3 Unique Staircase Features You’ll Find in Historic Homes
There's no denying the beauty of historic architecture.
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You can learn a lot about history by looking around an older house. Charming features like phone niches reveal a lot about the people and technology of bygone days. If you’ve ever inspected an older staircase, you may have noticed details like brass corner protectors or metal stair rods. Read on to take a closer look at these features, discover their purpose and find staircase ideas for your next DIY project.
Before vacuum cleaners were invented, sweeping dust out of stair corners was a major headache. Stair corner dust guards were created in the 1890s to help simplify sweeping. That’s not their only use, though—stair guards also add some charm to wooden staircases. Try adding them to awkward corners in your home, like the corners between a wall and fireplace molding.
According to The Victorian Emporium, a renovation company specializing in period homes, stair rods were used to help secure runner carpets to wooden staircases. This unique feature was originally about both form and function. But these days, stair rods are more of an aesthetic item, since carpet is generally installed by stapling it to the surface below. It’s best for both you and your runner that your carpet is properly installed!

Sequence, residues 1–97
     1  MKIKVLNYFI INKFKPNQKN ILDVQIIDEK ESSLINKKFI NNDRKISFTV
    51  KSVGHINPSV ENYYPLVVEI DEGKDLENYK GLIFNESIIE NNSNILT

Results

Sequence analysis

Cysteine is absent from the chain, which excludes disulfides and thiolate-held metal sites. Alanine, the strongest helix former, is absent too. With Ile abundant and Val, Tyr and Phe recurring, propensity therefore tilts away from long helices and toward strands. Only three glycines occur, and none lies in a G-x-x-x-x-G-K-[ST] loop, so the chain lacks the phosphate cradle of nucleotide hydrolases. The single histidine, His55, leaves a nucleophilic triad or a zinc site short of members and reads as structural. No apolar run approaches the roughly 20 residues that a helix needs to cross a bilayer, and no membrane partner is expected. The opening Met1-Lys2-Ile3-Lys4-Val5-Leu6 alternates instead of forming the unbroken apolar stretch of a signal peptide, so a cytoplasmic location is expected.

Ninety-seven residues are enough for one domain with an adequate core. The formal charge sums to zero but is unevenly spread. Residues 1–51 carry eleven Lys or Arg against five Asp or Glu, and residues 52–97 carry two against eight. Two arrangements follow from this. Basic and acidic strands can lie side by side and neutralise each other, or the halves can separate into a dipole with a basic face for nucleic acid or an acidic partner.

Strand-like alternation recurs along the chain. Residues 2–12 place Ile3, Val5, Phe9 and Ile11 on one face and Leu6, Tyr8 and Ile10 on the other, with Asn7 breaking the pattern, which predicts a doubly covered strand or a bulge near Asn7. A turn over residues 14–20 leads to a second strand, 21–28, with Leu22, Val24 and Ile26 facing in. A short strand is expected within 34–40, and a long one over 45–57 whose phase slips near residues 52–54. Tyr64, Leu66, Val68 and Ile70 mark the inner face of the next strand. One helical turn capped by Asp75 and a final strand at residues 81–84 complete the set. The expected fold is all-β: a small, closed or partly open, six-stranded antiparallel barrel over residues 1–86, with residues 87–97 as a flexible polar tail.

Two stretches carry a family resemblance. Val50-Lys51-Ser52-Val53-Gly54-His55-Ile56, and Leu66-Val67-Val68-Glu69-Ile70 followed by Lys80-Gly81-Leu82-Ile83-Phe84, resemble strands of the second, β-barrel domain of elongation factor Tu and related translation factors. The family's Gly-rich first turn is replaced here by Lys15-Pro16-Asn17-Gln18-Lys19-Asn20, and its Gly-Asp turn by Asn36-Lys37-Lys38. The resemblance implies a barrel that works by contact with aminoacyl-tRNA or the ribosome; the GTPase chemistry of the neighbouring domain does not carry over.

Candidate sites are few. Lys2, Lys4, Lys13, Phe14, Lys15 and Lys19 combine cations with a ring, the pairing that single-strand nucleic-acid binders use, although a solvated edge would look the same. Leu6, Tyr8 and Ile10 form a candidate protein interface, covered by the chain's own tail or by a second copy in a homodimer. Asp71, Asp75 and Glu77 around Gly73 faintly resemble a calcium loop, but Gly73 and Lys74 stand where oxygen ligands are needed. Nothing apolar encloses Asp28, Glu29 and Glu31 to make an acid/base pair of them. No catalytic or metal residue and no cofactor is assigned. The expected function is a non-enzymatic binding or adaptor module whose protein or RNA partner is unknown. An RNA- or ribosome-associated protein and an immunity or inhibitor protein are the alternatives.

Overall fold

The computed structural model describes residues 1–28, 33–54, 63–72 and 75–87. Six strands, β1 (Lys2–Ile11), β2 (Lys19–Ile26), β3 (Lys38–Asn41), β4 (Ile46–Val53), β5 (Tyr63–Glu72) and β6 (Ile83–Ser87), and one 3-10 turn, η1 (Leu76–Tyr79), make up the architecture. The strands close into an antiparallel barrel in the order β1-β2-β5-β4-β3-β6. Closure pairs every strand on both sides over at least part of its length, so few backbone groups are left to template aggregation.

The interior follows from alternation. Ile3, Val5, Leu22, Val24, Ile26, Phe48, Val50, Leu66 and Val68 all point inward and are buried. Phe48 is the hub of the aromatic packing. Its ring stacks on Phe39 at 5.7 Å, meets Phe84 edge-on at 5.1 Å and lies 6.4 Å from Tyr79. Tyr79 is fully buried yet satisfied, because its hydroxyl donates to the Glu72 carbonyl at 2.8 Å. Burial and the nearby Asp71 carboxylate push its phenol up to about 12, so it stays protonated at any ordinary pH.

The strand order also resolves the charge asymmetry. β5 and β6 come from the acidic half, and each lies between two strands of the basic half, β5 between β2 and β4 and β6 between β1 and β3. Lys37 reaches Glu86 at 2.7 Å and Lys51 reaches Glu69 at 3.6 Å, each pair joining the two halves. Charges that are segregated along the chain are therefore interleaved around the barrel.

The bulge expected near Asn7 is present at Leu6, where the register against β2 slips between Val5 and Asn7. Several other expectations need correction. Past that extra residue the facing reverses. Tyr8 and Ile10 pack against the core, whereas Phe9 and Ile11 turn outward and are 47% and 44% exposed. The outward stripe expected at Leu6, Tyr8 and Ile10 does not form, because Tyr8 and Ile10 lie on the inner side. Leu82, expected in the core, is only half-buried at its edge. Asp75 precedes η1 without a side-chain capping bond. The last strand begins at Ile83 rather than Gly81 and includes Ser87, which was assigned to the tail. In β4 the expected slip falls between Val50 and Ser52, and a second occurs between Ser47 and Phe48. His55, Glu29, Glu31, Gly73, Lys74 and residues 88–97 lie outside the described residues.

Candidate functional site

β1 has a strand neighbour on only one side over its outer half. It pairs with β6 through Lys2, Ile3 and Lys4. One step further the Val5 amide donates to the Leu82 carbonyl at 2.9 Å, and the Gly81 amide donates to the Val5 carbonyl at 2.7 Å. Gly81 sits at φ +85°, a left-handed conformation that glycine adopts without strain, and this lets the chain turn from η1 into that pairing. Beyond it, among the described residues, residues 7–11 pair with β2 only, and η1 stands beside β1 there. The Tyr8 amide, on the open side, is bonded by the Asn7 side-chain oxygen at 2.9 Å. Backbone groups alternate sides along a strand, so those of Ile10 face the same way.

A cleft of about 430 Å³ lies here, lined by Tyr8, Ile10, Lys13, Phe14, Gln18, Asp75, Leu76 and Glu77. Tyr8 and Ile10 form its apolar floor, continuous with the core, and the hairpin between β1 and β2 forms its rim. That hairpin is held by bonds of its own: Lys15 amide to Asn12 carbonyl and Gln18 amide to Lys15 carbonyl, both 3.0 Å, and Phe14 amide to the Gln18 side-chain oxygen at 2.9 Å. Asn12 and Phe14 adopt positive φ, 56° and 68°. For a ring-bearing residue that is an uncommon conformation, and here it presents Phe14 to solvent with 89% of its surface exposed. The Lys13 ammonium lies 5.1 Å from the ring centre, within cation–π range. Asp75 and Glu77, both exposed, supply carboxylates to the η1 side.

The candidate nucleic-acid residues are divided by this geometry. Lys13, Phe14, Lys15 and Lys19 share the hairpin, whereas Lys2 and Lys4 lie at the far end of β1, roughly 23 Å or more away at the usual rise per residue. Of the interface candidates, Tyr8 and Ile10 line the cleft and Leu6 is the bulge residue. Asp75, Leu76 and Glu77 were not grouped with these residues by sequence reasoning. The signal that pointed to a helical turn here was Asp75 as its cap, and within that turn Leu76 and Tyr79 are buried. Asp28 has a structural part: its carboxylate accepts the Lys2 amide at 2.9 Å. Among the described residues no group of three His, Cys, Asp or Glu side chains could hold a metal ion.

One Upside-Down Baluster
A baluster, also called a spindle, is part of a staircase’s support system. They’re best known for holding up the handrail. If there’s one upside-down baluster on your historic staircase, you can blame superstition. While some say that builders purposely installed one baluster to acknowledge that “only God’s creations are perfect,” others cite an English superstition saying an upside-down baluster would prevent the devil from climbing the stairs and taking anyone who may be on their deathbed. Either way, this feature seems to be linked to a higher power.
Next Up: Check out these other features you’ll find in historic homes.